The Evolution 2.0 Prize has doubled from $5 Million to $10 Million.
I announced this at the Royal Society in Great Britain on Friday.
The Financial Times of London ran the story Sunday.
See the FT article at www.evo2.org/ft
***Have you ever rubbed eyes and re-read an email to make sure you weren’t hallucinating??***
A week and a half before the Truth Seminar, I got an email from Oxford Professor Paul Flather:
“Hi Perry, I’m the president of the Philosophy Forum at the London School of Economics. Professor Denis Noble and I would like to host a media event featuring the Evolution 2.0 Prize at the Royal Society.”
That was a surprise.
The Royal Society was founded in 1660. Isaac Newton is among their past presidents. His death mask is under glass in their lobby.
Charles Darwin, Michael Faraday and Albert Einstein debated their theories in its corridors. Arguably the most prestigious scientific institution on earth.
One would not expect a Chicago business consultant with a bachelor’s degree in Electrical Engineering from the University of Nebraska to be invited to speak at the Royal Society.
But… Oxford professor Denis Noble, “The Martin Luther of Evolutionary Biology,” knows me well. He’s a fan of my book, and a member of my prize judging panel.
Because the prize aims to uncover mysteries of life that have deeply puzzled scientists for centuries, Denis felt it worthy of an event.
The prize, which seeks the origin of the genetic code, IS a “bottom of the swamp” absolute fundamental question.
And there is nothing so powerful as a great question.
Denis has long insisted traditional science is too dismissive of the elegant, holistic, intentional properties of life. Life is not just molecules and chemicals. It possesses information and agency – a will to live.
We do not presently understand what this is or how it works.
Because Denis figured out the cardiac rhythm that made pacemakers possible, he’s one of the most respected scientists in the UK.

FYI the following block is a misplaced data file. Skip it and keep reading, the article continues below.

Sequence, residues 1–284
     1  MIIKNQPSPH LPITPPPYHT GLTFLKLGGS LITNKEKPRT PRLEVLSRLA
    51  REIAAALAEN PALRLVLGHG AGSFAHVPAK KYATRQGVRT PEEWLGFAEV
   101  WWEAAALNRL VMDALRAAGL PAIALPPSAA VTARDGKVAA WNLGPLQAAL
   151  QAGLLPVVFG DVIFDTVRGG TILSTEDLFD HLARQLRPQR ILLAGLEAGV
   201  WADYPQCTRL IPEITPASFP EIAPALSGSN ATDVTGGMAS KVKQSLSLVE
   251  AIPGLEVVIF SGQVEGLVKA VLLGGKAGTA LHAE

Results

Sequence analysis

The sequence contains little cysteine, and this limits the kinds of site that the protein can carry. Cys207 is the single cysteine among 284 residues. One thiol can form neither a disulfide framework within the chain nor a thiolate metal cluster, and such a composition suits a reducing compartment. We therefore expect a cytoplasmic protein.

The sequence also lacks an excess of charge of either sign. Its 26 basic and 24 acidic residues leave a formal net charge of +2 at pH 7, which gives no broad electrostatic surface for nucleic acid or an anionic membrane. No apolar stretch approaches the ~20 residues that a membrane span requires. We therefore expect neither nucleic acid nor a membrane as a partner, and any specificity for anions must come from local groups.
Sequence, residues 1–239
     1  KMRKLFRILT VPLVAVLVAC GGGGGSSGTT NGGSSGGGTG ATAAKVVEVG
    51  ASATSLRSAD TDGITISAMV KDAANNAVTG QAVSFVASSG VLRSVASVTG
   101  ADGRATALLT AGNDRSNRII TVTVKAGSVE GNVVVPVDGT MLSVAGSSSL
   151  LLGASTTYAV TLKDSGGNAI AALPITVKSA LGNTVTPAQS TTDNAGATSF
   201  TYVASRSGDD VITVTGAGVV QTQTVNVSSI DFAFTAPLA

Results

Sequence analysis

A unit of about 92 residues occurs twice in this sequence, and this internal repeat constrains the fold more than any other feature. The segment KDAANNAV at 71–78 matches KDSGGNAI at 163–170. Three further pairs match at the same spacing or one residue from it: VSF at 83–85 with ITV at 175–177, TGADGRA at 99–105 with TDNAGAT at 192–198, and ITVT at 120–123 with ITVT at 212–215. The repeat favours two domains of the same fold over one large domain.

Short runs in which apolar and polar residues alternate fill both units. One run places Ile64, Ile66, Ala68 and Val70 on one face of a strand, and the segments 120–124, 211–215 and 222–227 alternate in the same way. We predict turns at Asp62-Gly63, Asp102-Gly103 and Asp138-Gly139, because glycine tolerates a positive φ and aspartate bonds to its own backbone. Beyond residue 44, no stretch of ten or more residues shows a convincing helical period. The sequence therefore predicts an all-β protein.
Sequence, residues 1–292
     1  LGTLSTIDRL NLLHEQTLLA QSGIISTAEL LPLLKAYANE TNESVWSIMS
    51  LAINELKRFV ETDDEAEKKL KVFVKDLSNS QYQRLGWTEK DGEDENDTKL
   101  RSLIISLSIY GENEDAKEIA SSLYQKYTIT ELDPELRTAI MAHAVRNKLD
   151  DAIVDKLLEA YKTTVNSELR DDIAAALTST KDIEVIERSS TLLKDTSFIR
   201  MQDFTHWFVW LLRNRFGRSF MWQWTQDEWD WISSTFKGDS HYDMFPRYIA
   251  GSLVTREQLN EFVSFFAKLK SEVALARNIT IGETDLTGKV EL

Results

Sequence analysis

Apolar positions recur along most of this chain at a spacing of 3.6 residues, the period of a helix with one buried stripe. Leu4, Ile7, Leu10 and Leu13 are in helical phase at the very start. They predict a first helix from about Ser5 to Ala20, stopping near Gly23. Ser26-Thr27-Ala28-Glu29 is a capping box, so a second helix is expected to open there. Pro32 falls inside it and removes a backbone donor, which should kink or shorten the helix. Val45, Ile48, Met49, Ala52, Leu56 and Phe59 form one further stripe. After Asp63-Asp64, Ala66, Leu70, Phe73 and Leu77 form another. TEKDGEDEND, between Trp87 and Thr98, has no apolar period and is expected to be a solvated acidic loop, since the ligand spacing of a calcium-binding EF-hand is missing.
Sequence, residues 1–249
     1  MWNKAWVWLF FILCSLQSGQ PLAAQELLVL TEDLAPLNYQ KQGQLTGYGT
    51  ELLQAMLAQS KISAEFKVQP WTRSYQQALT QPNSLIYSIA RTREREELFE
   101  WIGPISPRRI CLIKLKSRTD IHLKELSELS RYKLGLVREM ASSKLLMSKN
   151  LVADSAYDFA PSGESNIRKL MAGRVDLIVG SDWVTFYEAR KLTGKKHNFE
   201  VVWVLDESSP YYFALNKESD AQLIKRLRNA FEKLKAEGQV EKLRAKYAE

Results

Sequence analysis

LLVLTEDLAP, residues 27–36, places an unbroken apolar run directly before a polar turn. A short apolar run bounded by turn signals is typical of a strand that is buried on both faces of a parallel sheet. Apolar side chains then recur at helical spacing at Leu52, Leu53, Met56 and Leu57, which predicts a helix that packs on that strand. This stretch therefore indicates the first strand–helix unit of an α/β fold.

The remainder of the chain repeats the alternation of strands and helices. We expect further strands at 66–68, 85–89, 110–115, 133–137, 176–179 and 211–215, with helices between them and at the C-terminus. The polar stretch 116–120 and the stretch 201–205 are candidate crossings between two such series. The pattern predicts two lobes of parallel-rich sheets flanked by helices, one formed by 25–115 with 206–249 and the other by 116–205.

He has a Commander of the British Empire medal from Queen Elizabeth. So his opinion carries weight.
I’ve been bursting to tell you this news… but had to keep it under my hat until now. (And getting this invite a week and a half before my biggest seminar this year… my goodness, it’s been INTENSE.)
The prize had been $5 million since my announcement at Arizona State in 2017. I had raised backing to $9 million as of May 2019.
I was telling myself: If you can get $1 million more, you can double your prize to $10 million at the Royal Society…”
While prepping for a 3-day Seminar, I flew into action. I circled back to a bunch of people who’d turned me down. Wasn’t getting anywhere.
I visited my mastermind group (sort of like Roundtable, except it’s where I get MY teeth kicked in) and told them the news.
Spontaneously, someone offered, “How about we form an LLC and all go in together and get Perry over the hump?”
Eight hands went up. Deal was done.
Then an hour later my phone rang. A good friend says, “Hey what are all these texts I’ve been getting from you?”
I explained. He said, “I’m in.”
That filled slot #11, fully subscribing the investment pool for the Evolution 2.0 Prize.
The next day another investor wanted in – and went on our waiting list.
Two weeks later, we were in London making the announcement.
A video of the event will be coming soon, via Voices From Oxford.